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Consider the open cover $\mathscr{F}=\begin{Bmatrix}\pmatrix{0,5-\frac{1}{n}}:n\in\mathbb{N}\end{Bmatrix}$ for the set $(0,5)$.

Question:

Is $(0,5)=\bigcup^\infty_{n=1}\pmatrix{0,5-\frac{1}{n}}$? Why does $\mathscr{F}$ have no finite subcover?

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  • $\begingroup$ It would seem that if you take any interval out of the infinite union you'd still cover $(0,5)$. $\endgroup$ Sep 12, 2013 at 4:18
  • $\begingroup$ But what happens if you only consider finitely many? $\endgroup$ Sep 12, 2013 at 4:19
  • $\begingroup$ OK, so since no finite subset of $\mathscr{F}$ can possibly cover the infinite set $(0,5)$, we say that "$\mathscr{F}$ has no finite subcover over $(0,5)$," right? $\endgroup$ Sep 12, 2013 at 4:22
  • $\begingroup$ @GrumpyParsnip, do you know what the TAPI pipeline is? $\endgroup$ Sep 12, 2013 at 4:23
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    $\begingroup$ Suppose $\mathscr{G}$ were a finite subcover. Let $N\in\mathbb{N}$ be the largest $N$ such that $\pmatrix{0,5-\frac{1}{N}}$ is in $\mathscr{G}$. Since $\mathbb{Q}$ is dense in $\mathbb{R}$, choose a rational $q\in\mathbb{Q}$ such that $5-\frac{1}{N}<q<5$. This contradicts that $\mathscr{G}$ covers $(0,5)$. $\endgroup$ Sep 12, 2013 at 4:28

1 Answer 1

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$\mathscr{F}$ is an open cover of $(0,5)$; it is not a cover of $\{(0,5)\}$.

  1. Yes, $(0,5)=\bigcup_{n=1}^\infty\left(0,5-\frac1n\right)$. On the one hand it’s clear that $\left(0,5-\frac1n\right)\subseteq(0,5)$ for each $n\in\Bbb Z^+$, so $\bigcup_{n=1}^\infty\left(0,5-\frac1n\right)\subseteq(0,5)$. On the other hand, if $x\in(0,5)$, then $x<5$, and $5-x>0$. Thus, there is a positive integer $k$ such that $\frac1k<5-x$ and hence $x<5-\frac1k$, so that $x\in\left(0,5-\frac1n\right)\subseteq\bigcup_{n=1}^\infty\left(0,5-\frac1n\right)$. Since $x$ was an arbitrary element of $(0,5)$, it follows that $(0,5)\subseteq\bigcup_{n=1}^\infty\left(0,5-\frac1n\right)$ and hence that $(0,5)=\bigcup_{n=1}^\infty\left(0,5-\frac1n\right)$.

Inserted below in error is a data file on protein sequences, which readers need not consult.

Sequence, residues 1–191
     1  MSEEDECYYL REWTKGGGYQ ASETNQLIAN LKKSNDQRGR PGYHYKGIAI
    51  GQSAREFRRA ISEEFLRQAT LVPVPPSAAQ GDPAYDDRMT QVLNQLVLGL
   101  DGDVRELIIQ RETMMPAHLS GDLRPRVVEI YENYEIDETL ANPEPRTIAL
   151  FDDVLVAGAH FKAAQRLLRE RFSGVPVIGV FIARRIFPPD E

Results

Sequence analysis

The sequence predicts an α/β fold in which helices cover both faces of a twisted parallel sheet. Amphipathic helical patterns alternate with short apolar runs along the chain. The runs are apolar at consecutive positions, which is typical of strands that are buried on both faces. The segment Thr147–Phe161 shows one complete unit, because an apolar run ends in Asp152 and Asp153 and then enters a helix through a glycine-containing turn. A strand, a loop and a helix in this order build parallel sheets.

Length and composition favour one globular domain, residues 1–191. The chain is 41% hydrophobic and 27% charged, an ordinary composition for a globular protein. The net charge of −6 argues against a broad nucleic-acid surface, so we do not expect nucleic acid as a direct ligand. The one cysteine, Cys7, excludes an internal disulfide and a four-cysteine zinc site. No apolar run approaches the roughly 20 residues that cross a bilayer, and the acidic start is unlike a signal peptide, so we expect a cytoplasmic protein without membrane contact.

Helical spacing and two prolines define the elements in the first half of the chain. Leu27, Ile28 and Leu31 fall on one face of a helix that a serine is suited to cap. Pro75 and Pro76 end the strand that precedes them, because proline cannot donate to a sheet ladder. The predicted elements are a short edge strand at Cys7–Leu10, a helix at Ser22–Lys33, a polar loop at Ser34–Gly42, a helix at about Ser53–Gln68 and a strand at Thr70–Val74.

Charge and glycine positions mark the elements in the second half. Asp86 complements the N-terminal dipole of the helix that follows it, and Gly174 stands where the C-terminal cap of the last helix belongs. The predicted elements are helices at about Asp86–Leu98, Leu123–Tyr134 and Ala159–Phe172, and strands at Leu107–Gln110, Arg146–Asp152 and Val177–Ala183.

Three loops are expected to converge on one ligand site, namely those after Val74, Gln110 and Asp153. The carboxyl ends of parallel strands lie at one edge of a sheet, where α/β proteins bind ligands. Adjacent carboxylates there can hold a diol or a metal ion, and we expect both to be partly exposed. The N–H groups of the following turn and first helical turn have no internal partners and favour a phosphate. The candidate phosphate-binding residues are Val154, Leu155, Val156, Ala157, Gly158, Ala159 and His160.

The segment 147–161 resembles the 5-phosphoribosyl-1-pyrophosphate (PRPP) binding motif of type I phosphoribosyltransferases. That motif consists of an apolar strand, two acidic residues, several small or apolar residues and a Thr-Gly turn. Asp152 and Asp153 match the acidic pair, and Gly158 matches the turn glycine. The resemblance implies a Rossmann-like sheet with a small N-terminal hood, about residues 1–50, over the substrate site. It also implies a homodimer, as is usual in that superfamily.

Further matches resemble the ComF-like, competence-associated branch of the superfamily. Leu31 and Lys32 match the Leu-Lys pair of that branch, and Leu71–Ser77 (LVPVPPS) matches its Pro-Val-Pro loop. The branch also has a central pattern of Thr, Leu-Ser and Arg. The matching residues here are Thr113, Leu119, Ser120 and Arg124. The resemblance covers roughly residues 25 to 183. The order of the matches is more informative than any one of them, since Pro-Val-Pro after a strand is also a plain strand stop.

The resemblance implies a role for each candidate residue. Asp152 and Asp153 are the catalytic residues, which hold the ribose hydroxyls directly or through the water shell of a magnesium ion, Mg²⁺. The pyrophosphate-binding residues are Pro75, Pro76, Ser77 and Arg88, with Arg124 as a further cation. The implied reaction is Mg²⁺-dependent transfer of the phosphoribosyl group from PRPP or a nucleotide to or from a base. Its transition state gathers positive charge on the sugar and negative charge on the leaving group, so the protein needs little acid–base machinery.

2. Let $\mathscr{F}_0$ be any finite subset of $\mathscr{F}$, say $\mathscr{F}_0=\left\{\left(0,5-\frac1{n_k}\right):k=1,\ldots,m\right\}$. Let $n=\max\{n_1,\ldots,n_m\}$; then $5-\frac1{n_k}\le\frac1n$ for $k=1,\ldots,m$, so $$\left(0,5-\frac1{n_k}\right)\subseteq\left(0,5-\frac1n\right)$$ for $k=1,\ldots,m$. This implies that $$\bigcup_{k=1}^m\left(0,5-\frac1{n_k}\right)=\left(0,5-\frac1n\right)\subsetneqq(0,5)$$ and hence that $\mathscr{F}_0$ does not cover $(0,5)$. That is, no finite subset of $\mathscr{F}$ covers $(0,5)$, i.e., $\mathscr{F}$ is an open cover of $(0,5)$ with no finite subcover.

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  • $\begingroup$ The professor here use $\{(0,5)\}$ to mean $(0,5)$. $\endgroup$ Sep 12, 2013 at 4:29
  • $\begingroup$ See my $\mathscr{G}$-argument in the comments below my question. $\endgroup$ Sep 12, 2013 at 4:32
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    $\begingroup$ @SecureSpace: I doubt very much that any Harvey Mudd professor makes such an elementary mistake. That lecture is more than an hour long; if you give me a time stamp for a point at which you think that he’s made that mistake, I’ll take a look. In the meantime, I strongly suspect that he’s used $\{(0,5)\}$ correctly, to mean the set whose only member is the open interval $(0,5)$. This is of course a finite open cover of $(0,5)$, though not a very interesting one. $\endgroup$ Sep 12, 2013 at 4:35
  • $\begingroup$ @SecureSpace: Yes, the argument with $\mathscr{G}$ works fine, though there’s no need to pick a rational number: any number in $\left[5-\frac1N,5\right)$ will do fine. In fact, you can simply use $5-\frac1N$. $\endgroup$ Sep 12, 2013 at 4:36
  • $\begingroup$ 00:15:14, let me know if you're still in doubt. $\endgroup$ Sep 12, 2013 at 5:04

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